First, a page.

A Trek style exploration game sounds like a winner.

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Pages 145 ff. CRB provide advise for the creation of planets. Yet, you have to create your random tables yourself. This is easily done as follows.

## Gravity

For each class, an average gravity range is given. Substract the lower value from the upper value and divide this difference by ten. Write a table from 2–12 and assign the lower value to 2. For each key above 2, add the result of the division you made before. The upper value will be assigned to 12. Now, you have a random table you can roll on with 2d6. The results are distributed on a bell curve, i.e. most of your planets’ gravity will be more or less average of the average.

## Dangers

Each planet class lists dangers (e.g. radiation). Each danger comes with a descriptor (e.g. deadly). For any danger that is listed multiple times (but with different descriptors) randomly pick one descriptor. If the danger is described as possibly present, roll one Challenge Die: only if an effect is rolled, the danger is present.

Note: The chance to roll an effect on a Challenge Die is one out of three, i.e. 1/3. If you want to have a 50:50 chance, take “one or effect”.

Also note that dangers (especially temperature and radiation) should probably be linked to type of and distant to the solar system’s star(s). This would, however, include more complexity that I have not (yet) thought about.

Am I misunderstanding the math, here, or does that result in 11 and 12 giving the same value? I mean, I guess that’s not a problem; I’m just trying to understand.

BC

It should not.

Let’s say we got an average between 0.5 and 1.5. The difference is 1, so the steps are 0.1 - then the table looks like:
02 – 0.5
03 – 0.6
04 – 0.7
05 – 0.8
06 – 0.9
07 – 1.0
08 – 1.1
09 – 1.2
10 – 1.3
11 – 1.4
12 – 1.5

Maybe I just failed in the language.

Gar. No. I’m doing the mental equivalent of the classic computer programmer “off by 1” error. In my mind there are eleven “slots” but the delta is only divided by ten, so it seems like the math doesn’t line up. I should have sat down and wrote out an example before posting, 'cause now I just look foolish.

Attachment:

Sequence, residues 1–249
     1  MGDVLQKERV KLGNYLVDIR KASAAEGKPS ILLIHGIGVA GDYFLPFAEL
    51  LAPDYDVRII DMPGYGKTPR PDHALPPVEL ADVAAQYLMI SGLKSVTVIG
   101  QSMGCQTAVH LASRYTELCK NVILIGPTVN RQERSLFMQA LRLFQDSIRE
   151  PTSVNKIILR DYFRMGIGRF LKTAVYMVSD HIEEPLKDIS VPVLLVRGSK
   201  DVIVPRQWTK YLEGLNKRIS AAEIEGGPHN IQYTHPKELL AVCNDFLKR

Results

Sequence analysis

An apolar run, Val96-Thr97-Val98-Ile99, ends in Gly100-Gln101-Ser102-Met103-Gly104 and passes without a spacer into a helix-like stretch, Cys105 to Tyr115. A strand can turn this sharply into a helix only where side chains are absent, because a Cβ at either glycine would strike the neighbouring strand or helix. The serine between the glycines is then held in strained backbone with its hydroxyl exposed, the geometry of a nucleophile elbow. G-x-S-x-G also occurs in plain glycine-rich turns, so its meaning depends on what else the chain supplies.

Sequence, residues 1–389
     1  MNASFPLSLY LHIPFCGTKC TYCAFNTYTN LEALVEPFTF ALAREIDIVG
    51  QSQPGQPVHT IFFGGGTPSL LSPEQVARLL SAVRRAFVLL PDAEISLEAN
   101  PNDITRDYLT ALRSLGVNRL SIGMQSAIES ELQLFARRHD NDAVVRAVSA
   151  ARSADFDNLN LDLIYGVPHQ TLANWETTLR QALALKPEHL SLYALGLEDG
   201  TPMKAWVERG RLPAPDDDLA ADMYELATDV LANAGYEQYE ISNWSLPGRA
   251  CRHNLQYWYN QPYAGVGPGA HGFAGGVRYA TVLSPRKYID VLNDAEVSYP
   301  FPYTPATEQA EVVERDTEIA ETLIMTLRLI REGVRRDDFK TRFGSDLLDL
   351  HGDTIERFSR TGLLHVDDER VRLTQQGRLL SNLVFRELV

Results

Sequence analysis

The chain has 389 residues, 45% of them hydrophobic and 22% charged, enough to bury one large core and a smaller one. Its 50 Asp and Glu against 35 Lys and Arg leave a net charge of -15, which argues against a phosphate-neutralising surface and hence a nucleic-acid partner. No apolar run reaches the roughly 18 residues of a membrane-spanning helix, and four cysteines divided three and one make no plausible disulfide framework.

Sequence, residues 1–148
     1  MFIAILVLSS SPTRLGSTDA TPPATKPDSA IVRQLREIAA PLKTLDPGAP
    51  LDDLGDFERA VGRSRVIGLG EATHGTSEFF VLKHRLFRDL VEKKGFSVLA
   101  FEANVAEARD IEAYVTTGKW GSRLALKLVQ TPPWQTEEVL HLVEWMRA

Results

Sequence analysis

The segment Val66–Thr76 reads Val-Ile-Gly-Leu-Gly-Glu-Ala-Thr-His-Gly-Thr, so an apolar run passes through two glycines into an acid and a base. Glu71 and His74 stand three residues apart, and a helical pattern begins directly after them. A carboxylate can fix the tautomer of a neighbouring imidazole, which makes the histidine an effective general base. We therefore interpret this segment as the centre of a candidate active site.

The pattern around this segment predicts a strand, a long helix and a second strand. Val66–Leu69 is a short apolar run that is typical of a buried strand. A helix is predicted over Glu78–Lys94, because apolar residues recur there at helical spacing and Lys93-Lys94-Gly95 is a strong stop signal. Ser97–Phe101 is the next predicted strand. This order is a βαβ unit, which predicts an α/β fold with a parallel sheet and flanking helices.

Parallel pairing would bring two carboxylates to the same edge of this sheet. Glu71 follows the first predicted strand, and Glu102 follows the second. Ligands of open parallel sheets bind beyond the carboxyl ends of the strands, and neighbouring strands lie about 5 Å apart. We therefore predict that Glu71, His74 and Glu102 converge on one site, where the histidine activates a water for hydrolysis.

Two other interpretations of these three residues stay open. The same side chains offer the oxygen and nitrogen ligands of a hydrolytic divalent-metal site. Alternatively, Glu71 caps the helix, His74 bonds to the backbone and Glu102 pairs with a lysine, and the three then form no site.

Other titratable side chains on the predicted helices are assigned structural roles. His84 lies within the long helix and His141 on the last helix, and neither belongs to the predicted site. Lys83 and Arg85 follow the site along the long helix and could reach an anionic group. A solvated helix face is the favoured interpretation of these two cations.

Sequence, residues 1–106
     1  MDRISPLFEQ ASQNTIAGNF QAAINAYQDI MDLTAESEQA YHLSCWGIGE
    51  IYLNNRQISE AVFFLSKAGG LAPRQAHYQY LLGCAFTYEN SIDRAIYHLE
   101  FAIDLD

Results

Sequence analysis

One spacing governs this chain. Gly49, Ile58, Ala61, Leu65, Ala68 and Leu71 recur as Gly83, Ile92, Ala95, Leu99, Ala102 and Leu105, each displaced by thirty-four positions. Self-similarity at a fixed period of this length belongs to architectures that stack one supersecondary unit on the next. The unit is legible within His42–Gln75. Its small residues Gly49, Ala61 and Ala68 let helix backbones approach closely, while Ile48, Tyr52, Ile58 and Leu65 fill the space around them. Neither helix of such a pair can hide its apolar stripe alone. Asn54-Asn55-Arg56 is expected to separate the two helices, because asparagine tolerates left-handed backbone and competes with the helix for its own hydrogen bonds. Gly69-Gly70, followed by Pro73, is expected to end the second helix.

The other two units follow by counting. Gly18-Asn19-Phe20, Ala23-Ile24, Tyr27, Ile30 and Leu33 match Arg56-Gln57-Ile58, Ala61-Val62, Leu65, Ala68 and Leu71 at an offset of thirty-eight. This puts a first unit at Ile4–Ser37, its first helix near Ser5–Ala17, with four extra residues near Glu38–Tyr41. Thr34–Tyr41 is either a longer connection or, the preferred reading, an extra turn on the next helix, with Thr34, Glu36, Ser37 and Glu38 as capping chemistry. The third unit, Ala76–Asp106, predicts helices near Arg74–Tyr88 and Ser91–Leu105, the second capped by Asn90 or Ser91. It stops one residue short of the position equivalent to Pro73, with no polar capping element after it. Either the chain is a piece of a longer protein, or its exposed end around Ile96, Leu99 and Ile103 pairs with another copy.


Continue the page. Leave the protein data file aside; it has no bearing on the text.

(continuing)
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Let’s just say that I double-checked my advise (with a hand-written table, just to be sure) because I did the same error while devising my method. Twice.

And then I went: “Gosh’ they’re right, I f’ed it up!” when you posted.

Hah! Who’s the fool now?!!

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Sorry, I just had to throw that in.

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@Modiphius-Jim This one’s quite a bit technical, but:
Chapter 10 (Stellar Cartography) of the Shackleton Expanse Campaign Guide repeatedly refers to “Class O” spectral class/type (cf. e.g. p. 303, modifiers table on p. 305). Yet, neither the Spectral Class table, the Special Spectral table nor the Notable Spatial Phenomena table contain any O-type stars.

What am I missing?

Wikipedia says that L/Y/T are categories of red and brown dwarf, so it feels like there’s some redundancy between the L/Y/T and the Brown Dwarf categories on the Special Spectral Table on pg. 303.

Page 303 also has this line, “Note that results of II, II, Ib, or Ia along with the spectral type…”

Is Luminosity II simply repeated, or should the first instance say III?

BC

I stumbled over the same issue and decided to interpret it as a typo. So, it probably should indeed say III.

If we don’t have ‘O’, then we can’t use the mnemonic, “Oh Be A Fine Gorn, Kiss Me”.

BC

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maybe it helps

Naw, we’re talking Class O stars (the great big blue giant stars), not Class O planets.

It does seem like they’re pretty rare, though.

BC

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Yep rare, young,
Interesting * θ1 Orionis C is the brightest star in the Trapezium cluster in the Orion nebula, an O6 main sequence star with a fainter spectroscopic companion.
Maybe Orions can telll more

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I use this as a reference for my games:

Yes, but where is it (= the O-type star) on the random tables in the Shackleton Expanse Book?

Seems to be missing. It should be in the Special Spectral Table. I’d modify it that a 4-5 means Class B and 6 means Class O. The rest stays the same. Class A is more abundant than Class B, so changing the table this way makes sense to me.

Don’t recall what happened since the book was done more than a year ago. Here’s the special spectral table from the pre-layout draft. Maybe this helps?

1-2 Class A
3-4 Class B
5-6 Class O
7-11 Class L/Y/T
12-13 White Dwarf
14-15 Brown Dwarf
16-20 Roll on the Notable Spatial Phenomena Table

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It is for a different game but Coriolis Atlas Compendium has a pretty quick set of tables to generate systems and planets that should work in just about any setting.